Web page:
Washington tends to have a narrow view of what counts as “economic policy.” Anything we do to the tax code is in. So is any stimulus we pass, or any deficit reduction we try. Most of this mistakes the federal budget for the economy.
The truth is, the most important piece of economic policy we pass -- or don’t pass -- in 2013 may be something we don’t think of as economic policy at all: immigration reform.
Congress certainly doesn’t consider it economic policy, at least not officially. Immigration laws go through the House and Senate judiciary committees. But consider a few facts about immigrants in the American economy: About a tenth of the U.S. population is foreign-born. More than a quarter of U.S. technology and engineering businesses started from 1995 to 2005 had a foreign-born owner. In Silicon Valley, half of all tech startups had a foreign-born founder.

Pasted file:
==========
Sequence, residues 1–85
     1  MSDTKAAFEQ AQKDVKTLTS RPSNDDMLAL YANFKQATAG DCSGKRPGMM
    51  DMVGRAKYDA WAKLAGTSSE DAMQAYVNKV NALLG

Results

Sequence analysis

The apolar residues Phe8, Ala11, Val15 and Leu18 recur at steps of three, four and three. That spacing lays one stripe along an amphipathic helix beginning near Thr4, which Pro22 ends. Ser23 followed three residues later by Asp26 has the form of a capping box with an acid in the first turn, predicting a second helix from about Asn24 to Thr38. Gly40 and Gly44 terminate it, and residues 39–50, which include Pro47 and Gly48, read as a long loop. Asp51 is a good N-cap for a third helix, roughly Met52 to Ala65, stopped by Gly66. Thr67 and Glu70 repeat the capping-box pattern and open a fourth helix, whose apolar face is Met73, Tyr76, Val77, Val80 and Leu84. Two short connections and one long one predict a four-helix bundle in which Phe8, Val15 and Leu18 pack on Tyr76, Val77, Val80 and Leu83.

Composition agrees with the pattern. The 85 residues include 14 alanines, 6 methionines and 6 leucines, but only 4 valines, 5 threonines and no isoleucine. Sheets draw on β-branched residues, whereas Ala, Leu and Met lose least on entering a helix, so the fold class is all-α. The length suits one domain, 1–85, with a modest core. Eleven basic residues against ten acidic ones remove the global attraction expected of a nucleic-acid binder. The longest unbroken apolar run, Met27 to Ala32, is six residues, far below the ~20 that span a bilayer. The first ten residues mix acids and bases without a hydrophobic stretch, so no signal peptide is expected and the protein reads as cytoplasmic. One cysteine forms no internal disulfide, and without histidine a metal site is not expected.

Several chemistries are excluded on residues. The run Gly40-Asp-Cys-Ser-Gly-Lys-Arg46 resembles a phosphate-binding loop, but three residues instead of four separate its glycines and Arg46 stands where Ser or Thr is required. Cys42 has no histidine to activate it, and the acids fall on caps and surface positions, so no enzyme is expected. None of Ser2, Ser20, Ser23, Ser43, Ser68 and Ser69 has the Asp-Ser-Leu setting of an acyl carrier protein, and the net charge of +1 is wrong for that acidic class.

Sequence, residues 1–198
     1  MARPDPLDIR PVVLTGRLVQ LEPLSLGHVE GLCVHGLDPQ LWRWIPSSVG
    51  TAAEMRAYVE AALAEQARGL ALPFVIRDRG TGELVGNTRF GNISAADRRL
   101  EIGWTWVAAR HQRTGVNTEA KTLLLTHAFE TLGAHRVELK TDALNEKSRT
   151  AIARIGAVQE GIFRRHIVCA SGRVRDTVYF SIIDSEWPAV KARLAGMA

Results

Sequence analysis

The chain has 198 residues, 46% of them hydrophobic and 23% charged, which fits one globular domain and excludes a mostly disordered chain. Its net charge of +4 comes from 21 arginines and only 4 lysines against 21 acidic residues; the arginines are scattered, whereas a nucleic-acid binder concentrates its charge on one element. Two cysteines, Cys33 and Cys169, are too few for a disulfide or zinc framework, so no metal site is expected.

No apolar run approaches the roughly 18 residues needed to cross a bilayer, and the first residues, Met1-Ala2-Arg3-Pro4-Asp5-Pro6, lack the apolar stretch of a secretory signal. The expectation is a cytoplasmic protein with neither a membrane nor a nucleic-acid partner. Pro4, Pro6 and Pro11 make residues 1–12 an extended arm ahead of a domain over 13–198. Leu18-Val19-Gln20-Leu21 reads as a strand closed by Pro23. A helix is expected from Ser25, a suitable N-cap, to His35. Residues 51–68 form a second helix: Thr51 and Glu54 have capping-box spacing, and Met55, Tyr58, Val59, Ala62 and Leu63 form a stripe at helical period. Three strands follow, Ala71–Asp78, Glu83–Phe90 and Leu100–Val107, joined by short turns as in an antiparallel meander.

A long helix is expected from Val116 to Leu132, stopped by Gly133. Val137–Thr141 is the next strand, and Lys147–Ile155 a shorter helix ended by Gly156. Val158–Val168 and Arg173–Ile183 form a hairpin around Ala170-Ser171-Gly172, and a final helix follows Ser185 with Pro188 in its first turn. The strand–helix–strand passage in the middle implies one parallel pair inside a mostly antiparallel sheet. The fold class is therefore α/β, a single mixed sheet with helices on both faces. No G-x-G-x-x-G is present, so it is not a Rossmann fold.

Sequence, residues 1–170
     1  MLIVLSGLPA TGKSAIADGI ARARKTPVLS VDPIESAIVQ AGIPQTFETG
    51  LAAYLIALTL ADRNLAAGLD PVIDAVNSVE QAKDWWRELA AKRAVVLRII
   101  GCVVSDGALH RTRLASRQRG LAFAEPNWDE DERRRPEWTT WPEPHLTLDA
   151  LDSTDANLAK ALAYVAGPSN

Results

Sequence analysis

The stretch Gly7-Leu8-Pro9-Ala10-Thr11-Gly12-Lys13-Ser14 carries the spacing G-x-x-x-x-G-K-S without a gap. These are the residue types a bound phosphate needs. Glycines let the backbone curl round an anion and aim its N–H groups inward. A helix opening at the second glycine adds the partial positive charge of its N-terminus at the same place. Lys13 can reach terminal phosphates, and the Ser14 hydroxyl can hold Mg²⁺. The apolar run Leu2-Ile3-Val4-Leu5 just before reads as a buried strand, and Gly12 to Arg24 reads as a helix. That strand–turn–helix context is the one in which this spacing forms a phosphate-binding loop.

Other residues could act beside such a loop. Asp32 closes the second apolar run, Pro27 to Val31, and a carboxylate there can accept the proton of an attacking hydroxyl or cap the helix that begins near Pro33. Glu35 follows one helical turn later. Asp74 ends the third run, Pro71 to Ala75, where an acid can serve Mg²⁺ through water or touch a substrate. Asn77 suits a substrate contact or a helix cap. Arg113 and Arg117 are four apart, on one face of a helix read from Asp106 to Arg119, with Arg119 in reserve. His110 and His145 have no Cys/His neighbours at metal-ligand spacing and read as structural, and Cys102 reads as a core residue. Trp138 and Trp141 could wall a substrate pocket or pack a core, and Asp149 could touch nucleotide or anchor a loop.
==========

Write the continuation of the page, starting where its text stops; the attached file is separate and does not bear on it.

Immigrants begin businesses and file patents at a much higher rate than their native-born counterparts, and while there are disputes about the effect immigrants have on the wages of low-income Americans, there’s little dispute about their effect on wages overall: They lift them.
The economic case for immigration is best made by way of analogy. Everyone agrees that aging economies with low birth rates are in trouble; this, for example, is a thoroughly conventional view of Japan. It’s even conventional wisdom about the U.S. The retirement of the baby boomers is correctly understood as an economic challenge. The ratio of working Americans to retirees will fall from 5-to-1 today to 3-to-1 in 2050. Fewer workers and more retirees is tough on any economy.